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Search Area Reduced


Night-Hawk
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This morning when I left home, there were 2,006 caches within 100 miles of my home that I had not found. Around 11am this morning, that number changed to 1. I called around and discovered that the normal search distance from my home coordinates was reduced from 100 miles to 50 miles. Why would geocaching.com make this change? I only have 1 cache within 50 miles of my home. Does this mean that I only have 1 more cache until I win? Seriously though, why isn't the distance a user defined parameter?

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It is.

 

use This Page

 

When you do a search for caches closest to your STORED home coordinates (filter finds on YOUR account page), it defaults to 50 miles and is NOT user defined.

 

You can add "&dist=20" to the end of the URL that pops up from the "search from your home coordinates" link. That's probably as official as you're going to get.

 

OR

 

Set up a Pocket Query for caches within a certain distance from a set of coordinates and you can even limit it to the type of caches you like - then use the PREVIEW on that pocket query to get exactly what you are looking for.

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It is.

 

use This Page

 

When you do a search for caches closest to your STORED home coordinates (filter finds on YOUR account page), it defaults to 50 miles and is NOT user defined.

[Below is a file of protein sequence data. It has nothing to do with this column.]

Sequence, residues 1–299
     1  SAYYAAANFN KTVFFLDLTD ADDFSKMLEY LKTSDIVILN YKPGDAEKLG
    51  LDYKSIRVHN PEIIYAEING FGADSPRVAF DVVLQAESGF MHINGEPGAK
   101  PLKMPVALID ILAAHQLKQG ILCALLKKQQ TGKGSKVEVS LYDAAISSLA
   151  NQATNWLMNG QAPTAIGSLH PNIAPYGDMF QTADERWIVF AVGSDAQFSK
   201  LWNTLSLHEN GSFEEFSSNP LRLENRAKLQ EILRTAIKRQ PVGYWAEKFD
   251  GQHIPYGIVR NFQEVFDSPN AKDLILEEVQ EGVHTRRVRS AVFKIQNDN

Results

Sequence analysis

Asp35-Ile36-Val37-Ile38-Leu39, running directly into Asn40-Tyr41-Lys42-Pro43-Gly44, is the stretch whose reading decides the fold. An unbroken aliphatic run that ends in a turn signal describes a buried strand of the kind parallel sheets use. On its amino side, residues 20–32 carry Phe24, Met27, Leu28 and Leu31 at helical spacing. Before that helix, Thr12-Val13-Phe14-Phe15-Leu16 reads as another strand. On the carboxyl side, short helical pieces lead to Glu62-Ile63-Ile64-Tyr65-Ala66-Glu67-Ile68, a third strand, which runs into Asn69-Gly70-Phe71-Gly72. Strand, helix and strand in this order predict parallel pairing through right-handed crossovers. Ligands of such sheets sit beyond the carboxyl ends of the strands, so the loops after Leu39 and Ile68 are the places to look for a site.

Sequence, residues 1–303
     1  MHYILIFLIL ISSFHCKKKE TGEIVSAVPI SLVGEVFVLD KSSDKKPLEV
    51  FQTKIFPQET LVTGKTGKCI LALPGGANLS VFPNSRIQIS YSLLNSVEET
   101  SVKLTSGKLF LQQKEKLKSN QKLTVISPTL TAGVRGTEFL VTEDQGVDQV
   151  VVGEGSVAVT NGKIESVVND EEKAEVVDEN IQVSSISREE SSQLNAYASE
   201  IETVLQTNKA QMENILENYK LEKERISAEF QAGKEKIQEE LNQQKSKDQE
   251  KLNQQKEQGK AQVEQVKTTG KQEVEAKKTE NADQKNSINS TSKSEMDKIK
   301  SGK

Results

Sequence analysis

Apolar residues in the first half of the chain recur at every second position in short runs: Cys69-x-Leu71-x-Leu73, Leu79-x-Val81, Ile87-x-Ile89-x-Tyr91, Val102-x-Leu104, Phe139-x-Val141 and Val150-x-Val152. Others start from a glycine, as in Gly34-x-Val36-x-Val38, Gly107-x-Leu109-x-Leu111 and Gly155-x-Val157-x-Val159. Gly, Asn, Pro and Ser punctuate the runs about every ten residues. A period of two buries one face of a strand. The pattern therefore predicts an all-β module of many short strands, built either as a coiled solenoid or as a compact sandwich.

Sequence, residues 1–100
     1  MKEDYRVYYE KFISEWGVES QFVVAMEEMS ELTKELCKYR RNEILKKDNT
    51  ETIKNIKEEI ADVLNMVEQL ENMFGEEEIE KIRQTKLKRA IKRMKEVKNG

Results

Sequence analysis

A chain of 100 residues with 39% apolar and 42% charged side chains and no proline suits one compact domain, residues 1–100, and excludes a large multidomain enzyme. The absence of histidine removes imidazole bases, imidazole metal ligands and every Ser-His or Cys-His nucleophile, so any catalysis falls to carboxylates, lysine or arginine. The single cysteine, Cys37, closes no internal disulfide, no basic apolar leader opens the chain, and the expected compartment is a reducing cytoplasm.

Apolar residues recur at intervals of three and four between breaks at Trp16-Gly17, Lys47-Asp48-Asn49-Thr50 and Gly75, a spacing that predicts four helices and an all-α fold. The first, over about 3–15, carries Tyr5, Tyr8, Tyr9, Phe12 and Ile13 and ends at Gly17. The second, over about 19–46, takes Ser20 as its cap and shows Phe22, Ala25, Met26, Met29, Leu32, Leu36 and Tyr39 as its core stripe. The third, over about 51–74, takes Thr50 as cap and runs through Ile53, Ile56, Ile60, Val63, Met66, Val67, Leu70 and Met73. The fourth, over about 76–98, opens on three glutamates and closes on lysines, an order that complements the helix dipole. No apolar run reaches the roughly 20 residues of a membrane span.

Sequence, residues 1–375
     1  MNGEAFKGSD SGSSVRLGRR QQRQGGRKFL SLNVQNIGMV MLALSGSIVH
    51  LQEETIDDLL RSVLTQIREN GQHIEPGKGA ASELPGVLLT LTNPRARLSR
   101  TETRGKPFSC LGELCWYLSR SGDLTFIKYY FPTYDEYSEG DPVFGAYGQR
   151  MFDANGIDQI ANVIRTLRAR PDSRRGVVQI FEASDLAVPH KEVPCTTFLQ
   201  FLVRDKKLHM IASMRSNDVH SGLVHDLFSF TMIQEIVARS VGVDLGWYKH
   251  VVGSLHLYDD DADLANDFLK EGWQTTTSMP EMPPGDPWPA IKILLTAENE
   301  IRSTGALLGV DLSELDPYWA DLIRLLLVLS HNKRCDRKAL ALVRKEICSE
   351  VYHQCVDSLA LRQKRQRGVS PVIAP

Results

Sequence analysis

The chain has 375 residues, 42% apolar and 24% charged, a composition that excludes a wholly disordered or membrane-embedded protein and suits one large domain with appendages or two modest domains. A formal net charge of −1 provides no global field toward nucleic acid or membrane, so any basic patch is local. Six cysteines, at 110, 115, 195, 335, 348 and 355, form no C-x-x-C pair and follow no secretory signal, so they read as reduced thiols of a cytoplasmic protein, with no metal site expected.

You can add "&dist=20" to the end of the URL that pops up from the "search from your home coordinates" link. That's probably as official as you're going to get.

 

OR

 

Set up a Pocket Query for caches within a certain distance from a set of coordinates and you can even limit it to the type of caches you like - then use the PREVIEW on that pocket query to get exactly what you are looking for.

 

PERFECT... adding "&dist=100" resulted in exactly what I wanted.

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We lowered the search radius to 50 miles, as StarBrand stated, to reduce the load on the server.

 

You can always visit http://www.geocaching.com/seek/ and specify a search distance

 

Or as a benefit of being a Premium Member you can create a Pocket Query to accomplish the same thing, but with the added benefit to have it scheduled.

 

-Raine

Edited by raine
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The default used to be 100 and I used it all the time. Now I'll have to use the &dist= hack to get the info that I use in my profile page as opposed to not having to do anything special at all. That is until they make some other change forcing me to have to do something else.

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I've long been using a Greasemonkey script that has changed all the seek urls on the side to add &dist=10. Testing I did at one time indicated this was typically 5-6 times faster to run than the default 100 miles.

In areas I'm concerned about, 10 miles still returns over a thousand caches :lol:

 

I'm surprised TPTB didn't lower it farther, to 10 or 20 miles. B)

 

I don't know much about databases, but I wonder if they could make the default query something like "all caches within 25 miles, but show at least 20 caches if there are less than 20 within 25 miles."

My guess is it could be done, but the performance hit would make it not worth it.

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I don't know much about databases, but I wonder if they could make the default query something like "all caches within 25 miles, but show at least 20 caches if there are less than 20 within 25 miles."